spectra shown for kaolinite and quartz.
XRD anlysis of samples.

FTIR spectra are displayed as absorbance units against wave number (Figure 2). Absorbance (A) is defined as the natural log of the ratio of the radiant power incident on the sample (Io) to the power transmitted from the sample (I).


Figure 1: Illustration of mid-range of infrared frequency used for mineral identification

Figure 2: spectra shown in for kaolinite and quartz



Sample Preparation


Two washed and dried cuttings samples (A and B) from an Indonesian geothermal field containing hydrothermal alteration minerals were provided for analysis. The samples were air dried for approximately 30 minutes to ensure they contained no excess moisture and picked for individual rock types. Each of these sub samples was ground to a fine powder in a pestle and mortar.


XRD Analysis of Samples

Two particle types were recognised in abundance in sample A. One is pink, soft and fine grained (AP) and the other (AV) a mottled grey colour and harder (Figure 33). About 5 gm of each was handpicked and ground to a fine powder to be used for XRD analysis.

Each ground sample was pressed into a back-packed sample holder to minimize preferred orientation of the particles. Powder X-ray diffraction (XRD) was used to analyse the samples and a combination of matrix flushing and reference intensity ratio (RIR) derived constants were used in the semi-quantification of the minerals identified in the samples. The XRD traces were collected under the instrument conditions given in Table 1.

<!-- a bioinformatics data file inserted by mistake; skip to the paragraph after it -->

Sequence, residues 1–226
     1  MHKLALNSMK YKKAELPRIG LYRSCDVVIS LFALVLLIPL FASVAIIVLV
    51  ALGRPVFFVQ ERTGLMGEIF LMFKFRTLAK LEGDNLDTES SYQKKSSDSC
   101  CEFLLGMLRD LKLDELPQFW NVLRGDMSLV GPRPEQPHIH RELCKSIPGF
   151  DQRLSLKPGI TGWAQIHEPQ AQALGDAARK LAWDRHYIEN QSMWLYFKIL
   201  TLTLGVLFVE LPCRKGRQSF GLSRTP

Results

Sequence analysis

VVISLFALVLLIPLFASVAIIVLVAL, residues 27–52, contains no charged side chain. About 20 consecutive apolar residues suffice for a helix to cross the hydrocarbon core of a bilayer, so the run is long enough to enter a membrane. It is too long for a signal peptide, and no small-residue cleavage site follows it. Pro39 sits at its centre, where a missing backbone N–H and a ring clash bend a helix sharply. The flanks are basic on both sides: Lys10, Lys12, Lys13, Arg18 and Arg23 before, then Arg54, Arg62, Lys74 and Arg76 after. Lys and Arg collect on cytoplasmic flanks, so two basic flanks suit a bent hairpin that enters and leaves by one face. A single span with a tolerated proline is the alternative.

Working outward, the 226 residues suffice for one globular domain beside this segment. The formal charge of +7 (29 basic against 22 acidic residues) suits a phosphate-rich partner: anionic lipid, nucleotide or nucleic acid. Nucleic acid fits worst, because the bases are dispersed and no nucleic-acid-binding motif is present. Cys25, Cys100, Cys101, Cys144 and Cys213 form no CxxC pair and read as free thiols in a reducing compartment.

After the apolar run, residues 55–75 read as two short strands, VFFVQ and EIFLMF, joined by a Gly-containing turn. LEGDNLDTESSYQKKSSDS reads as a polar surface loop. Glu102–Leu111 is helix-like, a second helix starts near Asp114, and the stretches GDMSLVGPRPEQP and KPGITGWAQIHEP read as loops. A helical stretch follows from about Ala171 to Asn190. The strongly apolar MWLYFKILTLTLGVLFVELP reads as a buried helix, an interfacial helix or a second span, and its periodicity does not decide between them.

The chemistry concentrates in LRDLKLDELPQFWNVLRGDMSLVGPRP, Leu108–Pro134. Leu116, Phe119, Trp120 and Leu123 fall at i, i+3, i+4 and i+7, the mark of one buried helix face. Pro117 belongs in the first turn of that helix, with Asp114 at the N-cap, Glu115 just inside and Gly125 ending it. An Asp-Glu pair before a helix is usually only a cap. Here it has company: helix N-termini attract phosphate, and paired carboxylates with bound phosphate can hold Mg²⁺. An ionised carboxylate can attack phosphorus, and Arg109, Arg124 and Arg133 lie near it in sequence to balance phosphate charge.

Table 1: Analytical details for X Ray Diffraction Analysis

Figure 3: Particle images - AP (left), AV (right)

FTIR Analysis of Samples

An approximate 0.5 gm aliquot of each powdered sample was analysed utilising a Bruker Alpha Infrared Spectrometer through a spectral range of 380-4000 cm-1. The absorbance over this range provided continuous spectra with a resolution of 4 cm-1. The resultant spectral profiles were then examined to identify minerals present that are indicative of hydrothermal alteration.




X Ray Diffraction Analyses (XRD)